BACKGROUND: Mammalian stem cells are difficult to access experimentally; model systems that can regenerate offer an alternative way to characterize stem cell related genes. Planarian regeneration depends on adult pluripotent stem cells--the neoblasts. These cells can be selectively destroyed using X-rays, enabling comparison of organisms lacking stem cells with wild-type worms. RESULTS: Using a genomic approach we produced an oligonucleotide microarray chip (the Dj600 chip), which was designed using selected planarian gene sequences. Using this chip, we compared planarians treated with high doses of X-rays (which eliminates all neoblasts) with wild-type worms, which led to identification of a set of putatively neoblast-restricted genes. Most of these genes are involved in chromatin modeling and RNA metabolism, suggesting that epigenetic modifications and post-transcriptional regulation are pivotal in neoblast regulation. Comparing planarians treated with low doses of X-rays (after which some radiotolerant neoblasts re-populate the planarian body) with specimens irradiated with high doses and unirradiated control worms, we identified a group of genes that were upregulated as a consequence of low-dose X-ray treatment. Most of these genes encode proteins that are known to regulate the balance between death and survival of the cell; our results thus suggest that genetic programs that control neoblast cytoprotection, proliferation, and migration are activated by low-dose X-rays. CONCLUSION: The broad differentiation potential of planarian neoblasts is unparalleled by any adult stem cells in the animal kingdom. In addition to our validation of the Dj600 chip as a valuable platform, our work contributes to elucidating the molecular mechanisms that regulate the self-renewal and differentiation of neoblasts.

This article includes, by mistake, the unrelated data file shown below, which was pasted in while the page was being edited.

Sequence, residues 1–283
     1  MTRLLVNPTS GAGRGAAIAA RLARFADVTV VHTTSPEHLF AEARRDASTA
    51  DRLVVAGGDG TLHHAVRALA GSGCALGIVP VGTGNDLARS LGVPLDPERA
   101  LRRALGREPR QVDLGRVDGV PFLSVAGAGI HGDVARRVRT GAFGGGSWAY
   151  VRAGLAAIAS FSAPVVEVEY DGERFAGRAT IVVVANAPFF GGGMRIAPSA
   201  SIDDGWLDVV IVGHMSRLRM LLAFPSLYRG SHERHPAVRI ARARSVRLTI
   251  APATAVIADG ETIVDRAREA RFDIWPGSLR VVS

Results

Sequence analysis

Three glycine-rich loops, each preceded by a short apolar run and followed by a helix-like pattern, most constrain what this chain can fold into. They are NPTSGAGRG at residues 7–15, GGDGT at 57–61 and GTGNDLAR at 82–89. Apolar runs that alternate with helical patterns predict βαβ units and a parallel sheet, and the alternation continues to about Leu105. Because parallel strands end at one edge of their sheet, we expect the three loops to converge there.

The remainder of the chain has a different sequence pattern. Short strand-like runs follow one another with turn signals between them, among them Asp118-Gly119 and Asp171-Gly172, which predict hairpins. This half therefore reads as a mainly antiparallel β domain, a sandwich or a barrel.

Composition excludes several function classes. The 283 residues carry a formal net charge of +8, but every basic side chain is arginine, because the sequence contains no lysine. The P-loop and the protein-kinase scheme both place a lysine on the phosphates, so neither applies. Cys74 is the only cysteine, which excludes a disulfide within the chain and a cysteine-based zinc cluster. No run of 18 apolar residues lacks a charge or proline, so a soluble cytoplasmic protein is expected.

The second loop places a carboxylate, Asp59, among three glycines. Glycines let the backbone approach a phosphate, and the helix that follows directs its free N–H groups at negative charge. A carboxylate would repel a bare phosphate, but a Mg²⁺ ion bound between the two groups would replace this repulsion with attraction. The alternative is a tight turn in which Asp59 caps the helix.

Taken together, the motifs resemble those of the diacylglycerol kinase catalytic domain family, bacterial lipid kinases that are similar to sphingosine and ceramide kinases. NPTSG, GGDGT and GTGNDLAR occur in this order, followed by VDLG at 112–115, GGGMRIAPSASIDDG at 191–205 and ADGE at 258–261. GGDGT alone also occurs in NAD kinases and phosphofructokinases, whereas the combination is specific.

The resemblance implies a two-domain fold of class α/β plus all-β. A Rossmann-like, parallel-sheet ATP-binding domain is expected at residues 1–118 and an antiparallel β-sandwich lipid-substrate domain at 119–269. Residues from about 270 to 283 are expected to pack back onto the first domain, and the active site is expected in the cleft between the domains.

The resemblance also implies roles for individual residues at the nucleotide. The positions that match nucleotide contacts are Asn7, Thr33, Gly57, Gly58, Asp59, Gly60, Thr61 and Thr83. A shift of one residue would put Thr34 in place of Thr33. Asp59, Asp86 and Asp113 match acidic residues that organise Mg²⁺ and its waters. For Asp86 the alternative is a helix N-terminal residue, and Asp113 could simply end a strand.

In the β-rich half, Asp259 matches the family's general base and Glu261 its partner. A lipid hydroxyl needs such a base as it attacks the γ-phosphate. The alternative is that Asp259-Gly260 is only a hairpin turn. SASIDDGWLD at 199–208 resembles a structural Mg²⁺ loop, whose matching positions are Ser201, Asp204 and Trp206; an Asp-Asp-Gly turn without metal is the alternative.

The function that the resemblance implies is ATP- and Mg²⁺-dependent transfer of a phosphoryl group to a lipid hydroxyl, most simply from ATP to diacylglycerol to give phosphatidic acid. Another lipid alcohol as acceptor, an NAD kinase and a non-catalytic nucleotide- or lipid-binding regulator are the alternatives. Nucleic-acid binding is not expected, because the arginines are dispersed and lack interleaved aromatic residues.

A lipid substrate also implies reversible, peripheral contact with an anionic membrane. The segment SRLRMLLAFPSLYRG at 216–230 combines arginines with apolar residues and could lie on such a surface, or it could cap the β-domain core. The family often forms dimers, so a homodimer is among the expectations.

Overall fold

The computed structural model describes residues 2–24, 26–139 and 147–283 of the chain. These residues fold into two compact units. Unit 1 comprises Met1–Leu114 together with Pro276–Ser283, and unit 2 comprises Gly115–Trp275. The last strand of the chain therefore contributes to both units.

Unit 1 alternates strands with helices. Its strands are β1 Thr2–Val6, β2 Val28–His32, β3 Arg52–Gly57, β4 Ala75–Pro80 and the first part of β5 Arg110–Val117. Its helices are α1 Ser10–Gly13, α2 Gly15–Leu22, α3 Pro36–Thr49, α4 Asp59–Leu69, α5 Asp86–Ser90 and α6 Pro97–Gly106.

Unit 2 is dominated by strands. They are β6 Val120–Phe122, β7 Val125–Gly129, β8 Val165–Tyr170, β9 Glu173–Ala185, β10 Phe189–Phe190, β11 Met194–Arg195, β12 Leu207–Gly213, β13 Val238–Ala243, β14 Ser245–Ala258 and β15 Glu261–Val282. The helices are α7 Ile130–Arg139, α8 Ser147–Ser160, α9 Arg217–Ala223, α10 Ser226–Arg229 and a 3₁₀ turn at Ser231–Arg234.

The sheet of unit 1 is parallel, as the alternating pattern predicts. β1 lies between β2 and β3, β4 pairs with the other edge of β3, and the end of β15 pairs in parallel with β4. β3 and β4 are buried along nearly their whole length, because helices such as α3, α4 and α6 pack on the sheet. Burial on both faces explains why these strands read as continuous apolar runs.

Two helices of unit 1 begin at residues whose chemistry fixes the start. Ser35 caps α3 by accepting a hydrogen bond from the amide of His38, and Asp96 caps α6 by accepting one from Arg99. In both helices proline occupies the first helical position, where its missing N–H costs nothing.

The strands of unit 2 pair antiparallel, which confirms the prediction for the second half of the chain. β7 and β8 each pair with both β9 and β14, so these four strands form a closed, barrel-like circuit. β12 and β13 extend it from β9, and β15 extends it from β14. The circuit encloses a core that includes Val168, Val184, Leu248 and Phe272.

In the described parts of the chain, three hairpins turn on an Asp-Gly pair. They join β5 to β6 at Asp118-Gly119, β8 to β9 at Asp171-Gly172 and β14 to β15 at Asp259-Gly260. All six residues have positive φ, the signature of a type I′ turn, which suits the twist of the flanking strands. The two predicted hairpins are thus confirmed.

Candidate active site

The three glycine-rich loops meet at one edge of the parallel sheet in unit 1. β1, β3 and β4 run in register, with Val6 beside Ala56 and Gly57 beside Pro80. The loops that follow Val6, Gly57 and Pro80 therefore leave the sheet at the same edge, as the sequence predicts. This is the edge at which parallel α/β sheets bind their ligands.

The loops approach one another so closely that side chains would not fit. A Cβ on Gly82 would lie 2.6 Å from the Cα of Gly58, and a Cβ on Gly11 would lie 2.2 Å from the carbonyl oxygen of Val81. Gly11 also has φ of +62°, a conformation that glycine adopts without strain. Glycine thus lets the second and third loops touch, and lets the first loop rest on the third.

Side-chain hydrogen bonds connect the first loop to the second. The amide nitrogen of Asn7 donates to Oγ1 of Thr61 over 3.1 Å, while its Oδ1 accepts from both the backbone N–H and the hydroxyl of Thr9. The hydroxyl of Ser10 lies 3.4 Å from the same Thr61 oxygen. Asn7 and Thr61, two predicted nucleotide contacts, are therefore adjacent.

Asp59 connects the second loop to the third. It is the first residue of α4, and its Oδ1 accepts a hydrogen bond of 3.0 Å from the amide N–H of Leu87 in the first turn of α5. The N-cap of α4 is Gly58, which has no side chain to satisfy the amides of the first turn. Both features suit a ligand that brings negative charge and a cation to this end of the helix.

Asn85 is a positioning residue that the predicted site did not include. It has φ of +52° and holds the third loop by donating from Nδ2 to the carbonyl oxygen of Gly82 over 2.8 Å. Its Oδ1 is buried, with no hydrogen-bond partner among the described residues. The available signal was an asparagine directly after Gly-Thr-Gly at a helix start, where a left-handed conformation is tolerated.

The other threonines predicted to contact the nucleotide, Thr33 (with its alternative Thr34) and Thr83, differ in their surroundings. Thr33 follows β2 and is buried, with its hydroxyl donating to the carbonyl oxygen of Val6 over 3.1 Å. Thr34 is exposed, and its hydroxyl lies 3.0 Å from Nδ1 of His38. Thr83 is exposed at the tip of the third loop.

Deciphering the molecular machinery of stem cells: a look at the neoblast gene expression profile

ROSSI, LEONARDO;SALVETTI, ALESSANDRA;LENA, ANNALISA;DERI, PAOLO;MANNINI, LINDA;BATISTONI, RENATA;GREMIGNI, VITTORIO
2007

Abstract

BACKGROUND: Mammalian stem cells are difficult to access experimentally; model systems that can regenerate offer an alternative way to characterize stem cell related genes. Planarian regeneration depends on adult pluripotent stem cells--the neoblasts. These cells can be selectively destroyed using X-rays, enabling comparison of organisms lacking stem cells with wild-type worms. RESULTS: Using a genomic approach we produced an oligonucleotide microarray chip (the Dj600 chip), which was designed using selected planarian gene sequences. Using this chip, we compared planarians treated with high doses of X-rays (which eliminates all neoblasts) with wild-type worms, which led to identification of a set of putatively neoblast-restricted genes. Most of these genes are involved in chromatin modeling and RNA metabolism, suggesting that epigenetic modifications and post-transcriptional regulation are pivotal in neoblast regulation. Comparing planarians treated with low doses of X-rays (after which some radiotolerant neoblasts re-populate the planarian body) with specimens irradiated with high doses and unirradiated control worms, we identified a group of genes that were upregulated as a consequence of low-dose X-ray treatment. Most of these genes encode proteins that are known to regulate the balance between death and survival of the cell; our results thus suggest that genetic programs that control neoblast cytoprotection, proliferation, and migration are activated by low-dose X-rays. CONCLUSION: The broad differentiation potential of planarian neoblasts is unparalleled by any adult stem cells in the animal kingdom. In addition to our validation of the Dj600 chip as a valuable platform, our work contributes to elucidating the molecular mechanisms that regulate the self-renewal and differentiation of neoblasts.
Rossi, Leonardo; Salvetti, Alessandra; MARINCOLA F., M; Lena, Annalisa; Deri, Paolo; Mannini, Linda; Batistoni, Renata; Wang, E; Gremigni, Vittorio
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Utilizza questo identificativo per citare o creare un link a questo documento: http://hdl.handle.net/11568/181059
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